I’m not a big fan of Black History posts … I don’t believe they should be limited to a single month. I’ll give Gabino Iglesias a pass because Gabino writes about diverse authors ALL year long. This list is great and there’s more than ten.
The Rap Sheet: Bill Crider, R.I.P.
There’s been a lot said about Bill Crider last night and today. There will probably more in the upcoming weeks. Over at The Rap Sheet, J. Kingston Pierce has a great remembrance of Bill.
The Latest Trends In Cover Design: Think Pink? |
More on book covers.
On the Very Contemporary Art of Flash Fiction | Literary Hub
Follow Lydia Davis’s example. Make your flash fictions algebraic word problems or culinary recipes or autocorrected text messages from your estranged father or email spam from Nigerian bankers or advertisements for a new kind of hat that grows hair in just thirty days or for Dr. Campbell’s Arsenic Complexion Wafers. In short, anything at all.
Fans of Easy Rawlins and Leonid McGill, Meet Joe King Oliver – The New York Times
Sometimes a broken clock is right. Marilyn Stasio calls Walter Mosley’s DOWN THE RIVER UNTO THE SEA, “Great stuff.” I’m hoping she’s correct.
The First Two Pages: A Matter of Blood by Catherine Maiorisi – Art Taylor
Today, Catherine write about her new novel—and first full-length mystery!—A Matter of Blood, featuring NYPD Detective Chiara Corelli. Congratulations to her on this milestone publication!
SONS OF SPADE: Slaughterhouse Blues (Bill & Fiona) by Nick Kolakowski
There will be laughs along the way.
Not a mystery novel or the kind of PI stuff I usually review it IS a solid crime novella.
Do Some Damage: Being Part of a Writing Community
The advice I normally seek out is rarely about craft—those are questions I feel comfortable working out alone. But the business of writing baffles me, and can be demoralizing. I love talking shop with people smarter than myself, who know the business and have an eye for spotting ways to be more professional.
The Good Mothers review – women challenge the mafia | Books | The Guardian
“To leave the mafia means much more than physically getting away from it. If you leave, the women are told, you cease to exist.”
How It Happened – Thomas Pluck | The Thrill Begins
“And when I started doing things, I started coming up with stories in my head.”
Review: Help I Am Being Held Prisoner by Donald E. Westlake by Brian Greene
But HCC’s latest Westlake re-release, 1974’s Help I Am Being Held Prisoner, is not on par with those two nor is it among the better works penned by the ridiculously prolific multi-Edgar Award winner and former Mystery Writers of America Grand Master.
When You Have to Kill the Perfect Book Cover | Literary Hub
My first approach to a cover always begins in my sketchbook. After reading the manuscript and taking brief notes, I begin drawing small thumbnail versions of loose cover ideas to work out composition and placement. This helps me to avoid getting mired in unnecessary details too early in the process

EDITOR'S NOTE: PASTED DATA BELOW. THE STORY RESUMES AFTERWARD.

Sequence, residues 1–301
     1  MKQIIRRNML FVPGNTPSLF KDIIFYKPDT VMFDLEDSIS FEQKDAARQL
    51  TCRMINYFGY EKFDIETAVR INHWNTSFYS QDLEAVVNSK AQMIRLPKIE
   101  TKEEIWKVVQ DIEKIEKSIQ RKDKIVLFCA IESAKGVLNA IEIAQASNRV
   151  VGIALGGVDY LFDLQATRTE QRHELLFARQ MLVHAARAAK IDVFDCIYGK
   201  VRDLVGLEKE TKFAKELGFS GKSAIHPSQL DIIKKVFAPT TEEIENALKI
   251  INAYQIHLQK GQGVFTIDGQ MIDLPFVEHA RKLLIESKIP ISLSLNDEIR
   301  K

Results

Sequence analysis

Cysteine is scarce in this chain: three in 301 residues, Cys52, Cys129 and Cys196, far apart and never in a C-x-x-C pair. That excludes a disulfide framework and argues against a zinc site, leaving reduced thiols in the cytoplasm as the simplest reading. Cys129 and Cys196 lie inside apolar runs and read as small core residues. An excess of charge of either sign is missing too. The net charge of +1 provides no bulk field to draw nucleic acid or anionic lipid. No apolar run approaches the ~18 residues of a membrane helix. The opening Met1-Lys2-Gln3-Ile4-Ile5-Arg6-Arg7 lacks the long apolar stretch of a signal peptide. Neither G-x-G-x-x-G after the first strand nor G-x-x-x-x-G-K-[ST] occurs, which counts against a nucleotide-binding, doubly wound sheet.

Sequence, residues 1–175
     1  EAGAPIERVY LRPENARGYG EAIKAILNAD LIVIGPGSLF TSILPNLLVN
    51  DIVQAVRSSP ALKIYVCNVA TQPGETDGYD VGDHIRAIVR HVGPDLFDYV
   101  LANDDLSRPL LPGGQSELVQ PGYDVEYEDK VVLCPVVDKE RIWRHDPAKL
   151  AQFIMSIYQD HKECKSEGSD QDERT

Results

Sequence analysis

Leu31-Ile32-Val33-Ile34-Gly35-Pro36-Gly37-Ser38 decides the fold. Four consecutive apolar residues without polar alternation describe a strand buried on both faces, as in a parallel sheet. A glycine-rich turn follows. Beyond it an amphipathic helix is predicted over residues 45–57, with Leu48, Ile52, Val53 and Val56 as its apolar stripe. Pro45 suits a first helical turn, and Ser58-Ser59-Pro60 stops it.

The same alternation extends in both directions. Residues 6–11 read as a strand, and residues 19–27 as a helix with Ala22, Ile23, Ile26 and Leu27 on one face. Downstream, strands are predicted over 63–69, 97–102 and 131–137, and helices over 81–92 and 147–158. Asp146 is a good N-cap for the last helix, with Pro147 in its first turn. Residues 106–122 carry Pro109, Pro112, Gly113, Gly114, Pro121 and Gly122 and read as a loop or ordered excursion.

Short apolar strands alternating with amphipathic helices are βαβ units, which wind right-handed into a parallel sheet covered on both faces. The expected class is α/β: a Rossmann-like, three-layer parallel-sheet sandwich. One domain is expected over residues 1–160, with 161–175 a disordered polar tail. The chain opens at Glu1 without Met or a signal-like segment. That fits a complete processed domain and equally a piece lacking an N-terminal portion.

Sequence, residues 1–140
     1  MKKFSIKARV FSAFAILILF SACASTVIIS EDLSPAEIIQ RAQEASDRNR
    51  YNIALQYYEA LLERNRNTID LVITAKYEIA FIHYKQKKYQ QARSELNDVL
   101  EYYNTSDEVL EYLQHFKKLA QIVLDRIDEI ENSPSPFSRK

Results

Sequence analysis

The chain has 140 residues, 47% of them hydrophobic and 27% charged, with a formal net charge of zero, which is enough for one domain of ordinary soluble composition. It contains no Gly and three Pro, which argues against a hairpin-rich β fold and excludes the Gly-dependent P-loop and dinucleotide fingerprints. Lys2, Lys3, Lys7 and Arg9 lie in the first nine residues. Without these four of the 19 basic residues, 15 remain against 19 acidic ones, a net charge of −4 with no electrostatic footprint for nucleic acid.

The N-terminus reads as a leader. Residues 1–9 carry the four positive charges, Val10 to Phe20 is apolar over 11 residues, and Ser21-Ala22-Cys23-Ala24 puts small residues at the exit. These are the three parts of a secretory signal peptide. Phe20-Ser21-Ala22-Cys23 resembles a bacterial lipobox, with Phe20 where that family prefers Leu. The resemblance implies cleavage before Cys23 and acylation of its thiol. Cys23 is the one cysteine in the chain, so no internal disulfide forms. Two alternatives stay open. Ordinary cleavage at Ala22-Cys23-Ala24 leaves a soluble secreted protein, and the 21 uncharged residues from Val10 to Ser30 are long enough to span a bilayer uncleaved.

Forget the Love Poems This Valentine’s Day, But Fall in Love With Poetry | LitReactor
“Similes are great, and I use them often, but it is the metaphor that really takes something good and makes it great. And do you know who is really good at writing metaphors? Fucking poets, man.”
The Interrogation Room – An Interview With Nick Kolakowski | Dirty Books
“If it’s funny or gruesome, I have a real struggle with cutting it out. I keep a separate document where I collect interesting bits and fragments that I’ve chopped from other works—sometimes they’ll find a good home later in another short story or novel.”
Rebecca Solnit on the #MeToo Backlash | Literary Hub
“The change that really matters will consist of eliminating the desire to do these things, not merely the fear of getting caught.”
One Bite at a Time: A Conversation With Thomas Pluck
“I put my heart into stories, which makes them harder for me than novels. Not that I don’t put my heart into a book, but a story is like a one-inch punch from Bruce Lee, and a novel is a ten or fifteen round fight, where you get breaks and some love from the cut man between rounds.”
William Gay’s Detective Novel | Fried Chicken and Coffee: Online Home of Rusty Barnes
Rusty Barnes points us to a new release, William Gay’s “Stoneburner”.
Karl Ove Knausgaard: ‘Contemporary fiction is overrated’ | Books | The Guardian
I love the spectacle of Karl Ove Knausgaard. -DN
Stuff That Takes Readers Out of a Story |
“In some thrillers I’ve read there’s a kind of thrillus ex machina (apologies to Aristotle) at work. Suddenly the protagonist develops an instant set of skills or finds almost superhuman strength at just the right time. Or maybe there’s a suspension of physical or forensic reality.”
Love, It’s What Makes ‘Suburra’ | by Christopher Carroll | NYR Daily | The New York Review of Books
“Though technically a prequel to a film of the same name directed by Stefano Sollima, itself adapted from a novel by Giancarlo De Cataldo and Carlo Bonini—a judge and a journalist, respectively—the series far outshines both.”

New and Recent Releases